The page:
Cyber risk in the maritime sector and shipping industry is difficult to be precisely determined. The reason is that the ecosystem of the maritime is huge and it may be affecting the critical infrastructure of a state. When someone mentions the maritime sector, he may refer to the ships, the ports the supply chain, or even the personnel operating in this sector. In this article, we will cover in more detail the specific risks of the maritime sector and analyze some use cases. If you want to be informed about the cybersecurity challenges at a higher level, read our relevant article. Let’s go!
Cyberattacks, Jamming and Spoofing on ships
A modern ship is like a big computing platform. Hundreds of systems are cooperating to help the ship crew fulfill their mission. But as more of these systems are relying on IT or OT technology, the risk of becoming targets of a cyberattack is raising. The most vulnerable systems onboard ships are Global Positioning Systems (GPS), Automatic Identification System (AIS), Electronic Chart Display and Information System (ECDIS), Radar, and engine control.
First of all, AIS and GPS for civilian use are not encrypted or authenticated, and each has been identified as potentially vulnerable to attacks. Electronic Chart Display and Information System (ECDIS) can be also compromised in order to modify the files of the system and this can bring to very dangerous situations like displaying the vessel in a false position. A cyberattack can mislead a ship as, for example, in 2016 when two ships of the United States Navy were misdirected by malicious actors or one year later in 2017, where hackers took control of the navigation systems of a German container vessel en route from Cyprus to Djibouti for 10 hours!
Global Navigation Satellite System (GNSS) can be also susceptible to jamming and spoofing actions of malicious users that can cause significant damage to the reputation of a maritime company, to the economy of a state, or even to everyday consumers. Everyone has realized in the recent event with the blocking of the Suez canal how an incident of a single vessel can cause global effects in the world economy. GNSS is a space-based system such as the US Global Positioning System (GPS/NAVSTAR—a military capability which civilian use) or other similar system maintained by Russia, European Union, or China.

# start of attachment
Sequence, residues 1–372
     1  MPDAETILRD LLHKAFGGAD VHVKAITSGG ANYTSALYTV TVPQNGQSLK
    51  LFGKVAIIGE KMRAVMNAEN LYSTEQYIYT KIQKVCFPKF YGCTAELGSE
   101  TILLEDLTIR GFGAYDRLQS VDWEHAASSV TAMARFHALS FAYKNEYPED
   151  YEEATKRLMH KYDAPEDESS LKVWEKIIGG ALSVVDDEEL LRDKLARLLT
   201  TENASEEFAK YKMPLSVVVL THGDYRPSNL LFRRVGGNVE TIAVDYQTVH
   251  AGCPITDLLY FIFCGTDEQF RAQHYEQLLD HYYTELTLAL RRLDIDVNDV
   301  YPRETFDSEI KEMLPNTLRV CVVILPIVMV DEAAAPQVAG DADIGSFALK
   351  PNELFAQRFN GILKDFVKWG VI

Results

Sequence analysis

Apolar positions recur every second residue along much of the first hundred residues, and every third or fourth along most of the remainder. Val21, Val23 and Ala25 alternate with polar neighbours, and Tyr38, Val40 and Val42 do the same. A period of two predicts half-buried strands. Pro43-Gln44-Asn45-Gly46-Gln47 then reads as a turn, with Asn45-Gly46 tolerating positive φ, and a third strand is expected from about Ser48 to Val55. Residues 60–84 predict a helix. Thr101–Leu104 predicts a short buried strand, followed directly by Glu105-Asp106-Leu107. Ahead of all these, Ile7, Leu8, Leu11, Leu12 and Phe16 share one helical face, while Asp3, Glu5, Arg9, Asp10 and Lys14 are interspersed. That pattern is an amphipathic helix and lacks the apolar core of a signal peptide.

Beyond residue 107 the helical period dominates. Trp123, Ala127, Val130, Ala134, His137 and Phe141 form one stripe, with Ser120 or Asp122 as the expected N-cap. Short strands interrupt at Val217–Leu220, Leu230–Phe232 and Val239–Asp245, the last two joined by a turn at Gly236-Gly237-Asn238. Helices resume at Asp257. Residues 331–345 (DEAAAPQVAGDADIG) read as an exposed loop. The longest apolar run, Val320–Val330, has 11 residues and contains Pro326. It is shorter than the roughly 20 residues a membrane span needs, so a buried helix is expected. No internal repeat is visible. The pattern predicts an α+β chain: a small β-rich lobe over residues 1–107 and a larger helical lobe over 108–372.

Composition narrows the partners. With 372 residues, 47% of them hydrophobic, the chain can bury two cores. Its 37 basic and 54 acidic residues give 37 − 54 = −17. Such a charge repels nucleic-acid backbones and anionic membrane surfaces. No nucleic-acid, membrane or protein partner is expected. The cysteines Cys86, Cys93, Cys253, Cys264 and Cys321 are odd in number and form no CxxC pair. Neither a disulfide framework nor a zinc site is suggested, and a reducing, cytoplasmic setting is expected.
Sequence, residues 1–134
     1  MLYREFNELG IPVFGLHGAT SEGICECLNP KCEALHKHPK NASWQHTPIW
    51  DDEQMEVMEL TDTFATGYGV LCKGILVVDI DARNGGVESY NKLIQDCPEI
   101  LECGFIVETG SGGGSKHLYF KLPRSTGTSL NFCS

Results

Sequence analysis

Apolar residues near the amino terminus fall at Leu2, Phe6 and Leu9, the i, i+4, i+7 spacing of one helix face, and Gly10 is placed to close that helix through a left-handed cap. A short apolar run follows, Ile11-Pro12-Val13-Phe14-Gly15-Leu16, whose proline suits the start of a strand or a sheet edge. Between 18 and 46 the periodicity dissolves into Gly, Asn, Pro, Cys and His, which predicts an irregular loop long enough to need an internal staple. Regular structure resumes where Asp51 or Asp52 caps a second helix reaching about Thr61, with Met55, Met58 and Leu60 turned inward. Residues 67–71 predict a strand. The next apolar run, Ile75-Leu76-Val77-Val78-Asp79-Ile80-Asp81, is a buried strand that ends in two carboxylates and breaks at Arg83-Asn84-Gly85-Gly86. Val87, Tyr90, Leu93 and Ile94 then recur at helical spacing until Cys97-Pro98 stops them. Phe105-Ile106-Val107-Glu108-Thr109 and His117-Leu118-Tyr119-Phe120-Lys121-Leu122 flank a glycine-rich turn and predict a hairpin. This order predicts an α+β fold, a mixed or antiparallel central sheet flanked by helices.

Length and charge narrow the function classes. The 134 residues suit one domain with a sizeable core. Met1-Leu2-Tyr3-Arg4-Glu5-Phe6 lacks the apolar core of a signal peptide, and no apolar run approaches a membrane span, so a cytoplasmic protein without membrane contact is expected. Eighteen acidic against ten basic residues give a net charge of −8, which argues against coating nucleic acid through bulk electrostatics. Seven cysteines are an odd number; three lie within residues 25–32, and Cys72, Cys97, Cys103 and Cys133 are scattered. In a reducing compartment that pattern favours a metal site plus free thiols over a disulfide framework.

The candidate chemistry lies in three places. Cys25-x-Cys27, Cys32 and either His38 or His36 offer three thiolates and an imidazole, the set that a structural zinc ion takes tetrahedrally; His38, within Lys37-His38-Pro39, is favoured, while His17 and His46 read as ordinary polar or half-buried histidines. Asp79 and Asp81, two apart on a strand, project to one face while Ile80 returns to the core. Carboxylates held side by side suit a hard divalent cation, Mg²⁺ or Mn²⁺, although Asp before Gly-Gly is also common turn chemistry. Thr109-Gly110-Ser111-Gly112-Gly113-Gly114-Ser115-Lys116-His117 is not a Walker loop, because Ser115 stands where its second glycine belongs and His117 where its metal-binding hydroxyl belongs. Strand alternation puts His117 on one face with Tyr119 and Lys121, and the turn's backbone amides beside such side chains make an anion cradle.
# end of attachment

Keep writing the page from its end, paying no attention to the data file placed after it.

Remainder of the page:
GNSS Jamming is the deliberate transmission of noise signals on relevant frequencies used by the system, in order to prevent receivers from locking on to authentic GNSS Signals. This technique requires little technical knowledge and can be conducted by acquiring low-cost hardware equipment.
GNSS Spoofing is the transmission of false GNSS satellite parameters and timing information which coerces the victim receiver into calculating incorrect positioning. GNSS spoofing is not the same as jamming, because while navigation systems sound an alarm when they recognize jamming equipment, spoofing systems create false signals that confuse even the latest of GNSS systems, leading to sometimes severe consequences. One mitigation to these type of threats related to navigational equipment is to use secondary systems based on different or older technologies, in order to correlate the outputs of both systems and take decisions if the primary systems are under attack or not.
Offices, Ports, Terminals and Supply Chains
But maritime is a rather dispersed domain and does not only refer to ships. Maritime is the offices of the company, the ports, the terminals, and of course the supply chain, either software or hardware.
After the notorious cyberattack back in 2017, when a malware had infected the IT systems of the shipping giant Maersk, shipping offices have realized how serious can a cyberattack become, and that no one is immune to cybercrime. And the more scary fact was that Maersk was not explicitly targeted, because this specific type of malware called NonPetya was created and targeted millions of systems worldwide. By that, you can imagine how devastating a similar attack would be if it was targeting the Maersk infrastructure explicitly. The attack resulted in interruptions to Maersk’s operations and terminals worldwide, costing them up to 300 million USD. Similar attacks happened in 2018 against another shipping industry giant, the COSCO company. The company’s internet connection was disrupted and the security professionals had to activate fallback plans, bringing the company back to normal operations after five days…
One of the latest publicized incidents (many of them are kept secret from companies for reputation purposes) in 2020, Carnival Corporation fell victim to a ransomware attack on its IT systems. The attackers stole certain data files related to personal data, which could result in potential claims from clients, employees, shareholders, and lead to fines imposing from regulatory agencies.